Contemporary design used to be an elitist subject. Despite the crusading populist idealism of the early Modernists, it never catapulted to the masses. Until now. Each book in the Design Briefs series contains short essays, penned by stylish writers with real knowledge and fresh enthusiasm on the subject. The essays address the designer's life, work, and influence, and are followed by numerous pages of illustrations for ongoing reference. Design Briefs: Jean Prouve features an innovative engineer, architect and builder who came into contact with new artistic movements early on in life: with Emile Galle, his father Victor founded the Nancy school that became a focal point of Art Nouveau. In his early career, he worked much in the Art Nouveau and Art Deco styles, but he soon turned to industrial production. Using newly discovered materials, such as steel sections, he produced chairs, school furniture, desks, and beds. His philosophy consisted of always using the newest materials and latest techniques, whether designing an armchair or gas station.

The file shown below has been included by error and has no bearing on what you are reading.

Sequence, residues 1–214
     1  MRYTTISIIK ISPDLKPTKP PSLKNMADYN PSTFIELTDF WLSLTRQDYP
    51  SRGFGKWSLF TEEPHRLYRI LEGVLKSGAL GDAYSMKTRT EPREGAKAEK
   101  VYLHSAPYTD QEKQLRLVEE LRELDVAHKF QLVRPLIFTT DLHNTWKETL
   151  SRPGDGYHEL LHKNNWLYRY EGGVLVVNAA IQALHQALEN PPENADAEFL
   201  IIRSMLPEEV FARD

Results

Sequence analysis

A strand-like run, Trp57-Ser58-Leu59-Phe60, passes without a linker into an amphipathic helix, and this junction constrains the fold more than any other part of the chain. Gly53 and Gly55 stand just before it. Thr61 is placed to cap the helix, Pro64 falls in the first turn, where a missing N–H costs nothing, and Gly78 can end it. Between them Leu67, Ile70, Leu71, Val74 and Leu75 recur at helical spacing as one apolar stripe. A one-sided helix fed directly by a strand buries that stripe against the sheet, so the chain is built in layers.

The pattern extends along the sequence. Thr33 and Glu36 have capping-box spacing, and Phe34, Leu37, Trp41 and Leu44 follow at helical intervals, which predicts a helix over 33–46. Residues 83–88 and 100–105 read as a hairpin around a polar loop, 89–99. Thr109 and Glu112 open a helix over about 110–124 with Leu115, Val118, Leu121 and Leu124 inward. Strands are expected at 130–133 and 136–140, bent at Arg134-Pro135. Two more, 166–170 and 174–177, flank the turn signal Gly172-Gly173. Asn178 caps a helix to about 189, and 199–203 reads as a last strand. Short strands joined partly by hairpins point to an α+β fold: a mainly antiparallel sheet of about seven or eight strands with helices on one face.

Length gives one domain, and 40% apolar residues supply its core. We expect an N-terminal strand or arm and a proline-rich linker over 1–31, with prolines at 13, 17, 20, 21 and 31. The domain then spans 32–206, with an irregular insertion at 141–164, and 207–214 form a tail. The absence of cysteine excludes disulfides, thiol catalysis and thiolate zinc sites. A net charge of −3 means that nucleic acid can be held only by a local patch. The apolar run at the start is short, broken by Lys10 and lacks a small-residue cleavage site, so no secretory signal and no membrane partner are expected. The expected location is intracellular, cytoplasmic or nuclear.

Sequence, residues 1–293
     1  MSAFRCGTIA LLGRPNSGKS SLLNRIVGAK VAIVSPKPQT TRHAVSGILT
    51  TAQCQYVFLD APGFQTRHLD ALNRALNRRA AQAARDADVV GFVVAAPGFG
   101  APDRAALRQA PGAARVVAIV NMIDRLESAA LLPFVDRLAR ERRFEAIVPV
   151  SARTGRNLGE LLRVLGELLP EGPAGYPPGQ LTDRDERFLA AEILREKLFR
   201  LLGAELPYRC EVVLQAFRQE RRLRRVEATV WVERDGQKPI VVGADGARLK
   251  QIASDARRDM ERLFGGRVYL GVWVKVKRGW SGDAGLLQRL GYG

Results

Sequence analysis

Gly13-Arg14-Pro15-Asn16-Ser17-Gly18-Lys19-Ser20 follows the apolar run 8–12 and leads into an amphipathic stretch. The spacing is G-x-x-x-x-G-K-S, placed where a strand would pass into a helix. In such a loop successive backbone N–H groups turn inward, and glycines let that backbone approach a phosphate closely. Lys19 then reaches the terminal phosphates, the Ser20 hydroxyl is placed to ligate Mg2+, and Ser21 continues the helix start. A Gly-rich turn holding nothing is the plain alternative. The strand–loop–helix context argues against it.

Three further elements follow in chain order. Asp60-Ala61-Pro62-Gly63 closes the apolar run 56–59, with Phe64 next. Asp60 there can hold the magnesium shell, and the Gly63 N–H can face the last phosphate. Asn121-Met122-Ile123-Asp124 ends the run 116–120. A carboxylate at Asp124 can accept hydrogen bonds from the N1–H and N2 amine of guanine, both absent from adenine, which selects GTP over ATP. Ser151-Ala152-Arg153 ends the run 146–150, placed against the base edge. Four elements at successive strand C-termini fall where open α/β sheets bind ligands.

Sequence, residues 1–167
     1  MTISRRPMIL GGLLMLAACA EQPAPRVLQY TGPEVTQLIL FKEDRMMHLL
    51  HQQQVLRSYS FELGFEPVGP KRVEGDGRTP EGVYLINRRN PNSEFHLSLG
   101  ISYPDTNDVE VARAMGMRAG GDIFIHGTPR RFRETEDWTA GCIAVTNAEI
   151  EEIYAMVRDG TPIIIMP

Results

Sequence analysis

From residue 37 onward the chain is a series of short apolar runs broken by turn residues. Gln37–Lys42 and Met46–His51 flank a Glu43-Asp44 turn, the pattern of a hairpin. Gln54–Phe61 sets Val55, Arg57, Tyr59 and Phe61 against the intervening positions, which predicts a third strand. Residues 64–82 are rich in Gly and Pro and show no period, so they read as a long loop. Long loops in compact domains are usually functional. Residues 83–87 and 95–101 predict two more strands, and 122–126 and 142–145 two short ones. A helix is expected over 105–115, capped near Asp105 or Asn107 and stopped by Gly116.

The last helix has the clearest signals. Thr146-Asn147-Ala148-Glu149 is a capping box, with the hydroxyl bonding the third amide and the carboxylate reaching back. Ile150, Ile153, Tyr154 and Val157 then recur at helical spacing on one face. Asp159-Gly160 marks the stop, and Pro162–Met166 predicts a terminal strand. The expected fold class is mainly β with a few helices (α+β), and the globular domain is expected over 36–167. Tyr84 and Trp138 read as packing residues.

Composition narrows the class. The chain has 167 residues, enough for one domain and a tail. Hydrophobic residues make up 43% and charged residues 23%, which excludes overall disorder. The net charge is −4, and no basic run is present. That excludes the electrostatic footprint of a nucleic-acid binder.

I'm so excited to announce my next project -- "The Beatles Are Here!: 50 Years After the Band Arrived in America, Writers and Other Fans Remember," an anthology due out from Algonquin Books in February, 2014.
"The Beatles!" will look at the repercussions of the band's dramatic 1964 arrival in the United States. In this volume, writers, Beatlemaniacs, musicians, and others -- in both texts and interviews -- chart the course of what was, in effect, a cultural revolution.
The book's wonderfully diverse contributors include: Joe Queenan, Renée Fleming, Roy Blount, Jr., Pico Iyer, "Cousin Brucie" Morrow, and numerous others.
My other books include, most recently, "Paris Was Ours," a collection of essays by writers from all over the world that explore the profound hold that city has on the expatriates who choose to live there. (I was one of them, and wrote one of the essays.)
I was also privileged to write the biography of Carmel Snow, the brilliant Irish-American cultural icon who was editor-in-chief of Harper's Bazaar from 1932 - 1958. In that capacity Snow, with infectious fun and humor, discovered and / or nurtured the careers of an astonishingly disparate collection of boldface names, including Richard Avedon, Diana Vreeland, Truman Capote, Balenciaga, Andy Warhol, and so many more.